The Rabbit in the Moon
One Aztec legend tells the tale of how there came to be a rabbit in the moon.
One day, the god Quetzalcoatl wanted to explore the world of humans, so he turned himself into a man and went down to Earth.
In his wonder and excitement at seeing the world up close, Quetzalcoatl forgot to eat and drink. So, he took a rest on a log. Eventually, a rabbit came to him and said, “You look thirsty and hungry. Can I share my food with you?”
Quetzalcoatl was impressed with his generosity, especially because the rabbit had no idea he was a god. However, Quetzalcoatl declined because, he said, “I only eat meat.” Seeing how hungry he was, the humble rabbit said, “Well, you can eat me.”
With this offer, Quetzalcoatl was so moved that he returned to his god state. He then picked up the rabbit and pressed him against the moon. He said, “You are so noble that I will not eat you. And from now on, when people look at the moon they will see your imprint and be reminded that you are a mighty being, full of honor and generosity.”
Hare Mythology in Ancient Egypt
Evidence of the ancient Egyptians celebrating springtime in ways that are similar to how many of us celebrate Easter today date back to at least 2300 BC. The Egyptians depicted hares, eggs, the sunrise, and the resurrection of their god Osiris in the Book of the Dead, other hieroglyphs, and artwork.
In addition, the Egyptians had a goddess named Unut (or Wenet) who was depicted as part-snake or part-hare. The Egyptians also had other hare deities, including one who guarded the halls of the underworld, or the world of the dead.
In a number of African cultures, the hare is depicted much in the same way as in Native American cultures. That is, the hare is a mischievous trickster. In fact, one African folktale was the precursor to the American story about Brer Rabbit.
Another story called The Hare and the Lion tells the tales of a hare who continuously outsmarts and escapes from a lion who wants to eat him. In one part of the story, the hare cajoles a turtle to climb a tree with him to get some honey. As the two are eating the honey, a lion comes growling, asking who is in the tree.
The hare convinces the turtle to wrap him up in leaves. Then he tells the turtle to tell the lion to move aside, that he’s going to throw some leaves down before he comes down from the tree. So, the lion gets out of the way. Once the hare bundled in leaves hits the ground, he sprints away, leaving the turtle alone to deal with the lion.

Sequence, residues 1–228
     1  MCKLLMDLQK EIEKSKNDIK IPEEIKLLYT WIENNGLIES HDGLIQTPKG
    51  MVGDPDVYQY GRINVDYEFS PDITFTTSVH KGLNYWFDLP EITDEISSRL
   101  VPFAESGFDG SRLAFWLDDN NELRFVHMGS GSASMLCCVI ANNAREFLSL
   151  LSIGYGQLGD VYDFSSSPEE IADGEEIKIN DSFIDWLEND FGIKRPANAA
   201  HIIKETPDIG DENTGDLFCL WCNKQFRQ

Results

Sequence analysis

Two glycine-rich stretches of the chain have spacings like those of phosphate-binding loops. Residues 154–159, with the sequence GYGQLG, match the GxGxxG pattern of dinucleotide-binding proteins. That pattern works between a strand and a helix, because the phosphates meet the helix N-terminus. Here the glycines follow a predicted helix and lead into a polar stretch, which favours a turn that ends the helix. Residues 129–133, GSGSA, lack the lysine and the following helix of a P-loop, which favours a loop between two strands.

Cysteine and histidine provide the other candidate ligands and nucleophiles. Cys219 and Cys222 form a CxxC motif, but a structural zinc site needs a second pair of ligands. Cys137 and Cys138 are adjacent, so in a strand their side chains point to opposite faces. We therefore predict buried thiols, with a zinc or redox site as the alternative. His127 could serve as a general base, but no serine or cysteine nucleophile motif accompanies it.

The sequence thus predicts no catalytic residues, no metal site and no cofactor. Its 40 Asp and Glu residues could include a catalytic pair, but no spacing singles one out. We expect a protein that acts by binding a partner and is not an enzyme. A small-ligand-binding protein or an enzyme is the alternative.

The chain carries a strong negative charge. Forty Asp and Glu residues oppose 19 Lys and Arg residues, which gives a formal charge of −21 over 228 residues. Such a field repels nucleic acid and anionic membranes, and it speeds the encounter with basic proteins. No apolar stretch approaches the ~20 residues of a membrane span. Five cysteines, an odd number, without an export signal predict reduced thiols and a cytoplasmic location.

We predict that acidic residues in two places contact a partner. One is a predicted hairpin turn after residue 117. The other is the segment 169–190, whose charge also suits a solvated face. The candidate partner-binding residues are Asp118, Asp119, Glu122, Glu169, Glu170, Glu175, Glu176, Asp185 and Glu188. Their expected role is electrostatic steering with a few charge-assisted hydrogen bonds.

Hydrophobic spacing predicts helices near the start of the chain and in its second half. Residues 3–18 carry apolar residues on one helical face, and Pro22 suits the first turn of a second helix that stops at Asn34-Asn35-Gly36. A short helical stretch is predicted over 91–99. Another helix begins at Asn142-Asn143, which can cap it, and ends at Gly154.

Not to be outdone. The turtle tells the lion that he can eat him. However, first he must take him to the river. The turtle then tells the lion to rub his shell to make it come off, so it will be easier to eat him. However, under the water, the turtle puts a rock under the lion’s paw and the lion keeps rubbing the rock as the turtle escapes.
The Greeks associated the hare with the goddess of love, Aphrodite. Thus, in Greece, the rabbit was a symbol of fertility, virility, and desire.
The Rabbit in Celtic Mythology
The Celtic goddess Eostre was often depicted with rabbits, as was the goddess Ceridwen. Eostre is a fertility goddess who’s associated springtime, in particular the Spring Equinox, as well as the dawn. Thus, many people believe the name for the Easter is derived from Eostre. Ceridwen was the goddess of transformation and rebirth.
Just as the Romans would interpret the flight patterns of ravens, the Druids used rabbits as a source of divination. They would catch rabbits, release them, and then interpret the direction the rabbits took.
The Celts also associated rabbits with fairies, believing the two communicated when they were underground. The Celts also believed certain people could shapeshift into rabbits, thus they had taboos about killing them.
In one Celtic myth, the hero warrior Oisin chases a hare and hits it in the leg with his arrow. The hare manages to escape into the woods and goes through a door in the ground. Oisin pursues the hare, eventually finding himself in a great hall where a beautiful woman is sitting on a throne with her leg bleeding.
In another story, a maiden named Melangell decides she will live the life of a monk and takes a vow of celibacy. She travels to the town of Powys where she lives a hermetic life for 15 years. One day, when the Prince of Powys is hunting hares with his hounds, he chases one into a thicket. Then he comes to a clearing to find the hare sitting in Melangell’s lap.
The prince is so impressed by Melangell’s spiritual devotion and the trust of the hare that he gives her land to build a monastery. He tells her that the only thing she must give in return is to promise that she’ll give refuge to both people and animals.
The Vikings associated hares with the moon as well as their fertility goddess Freya. In addition, the Norse goddess of domesticity, Holda, was sometimes depicted as riding a chariot pulled by hares.
Rabbits in the Bible and Judeo-Christian Mythology
Rabbits are mentioned in the Bible, but mainly in context to whether they should be eaten or not. However, later Jewish scholars, such as Rabbi Yosef Hayim Yerushalmi, viewed rabbits running in every direction as a symbol for the Jewish Diaspora. In addition, the three hares symbol, which is detailed more below, is depicted on Jewish synagogues and was adopted by Christians as a symbol for the Holy Trinity.
Early Christians commandeered the pagan view of the rabbit as a fertility symbol and instead associated it with springtime and the resurrection of Christ.
Rabbit Meaning in Asia
The Japanese also associate rabbits with the moon. In fact, they have a story that is practically identical to the Aztec story about the rabbit and the moon. In the Japanese version, the Man on the Moon comes to Earth and he is very hungry. Like the Aztec story, the rabbit offers himself to be eaten. But the Man on the Moon is so impressed with the rabbit’s generosity that he doesn’t eat him and instead brings the rabbit to the moon to live with him.
The Chinese, Koreans, and Vietnamese also associated rabbits with the moon. The Chinese viewed the rabbit an incarnation of the moon goddess.
In addition, in Chinese astrology, people born in the Year of the Rabbit are said to be gentle, approachable, honorable, and elegant.
Three Hares Symbol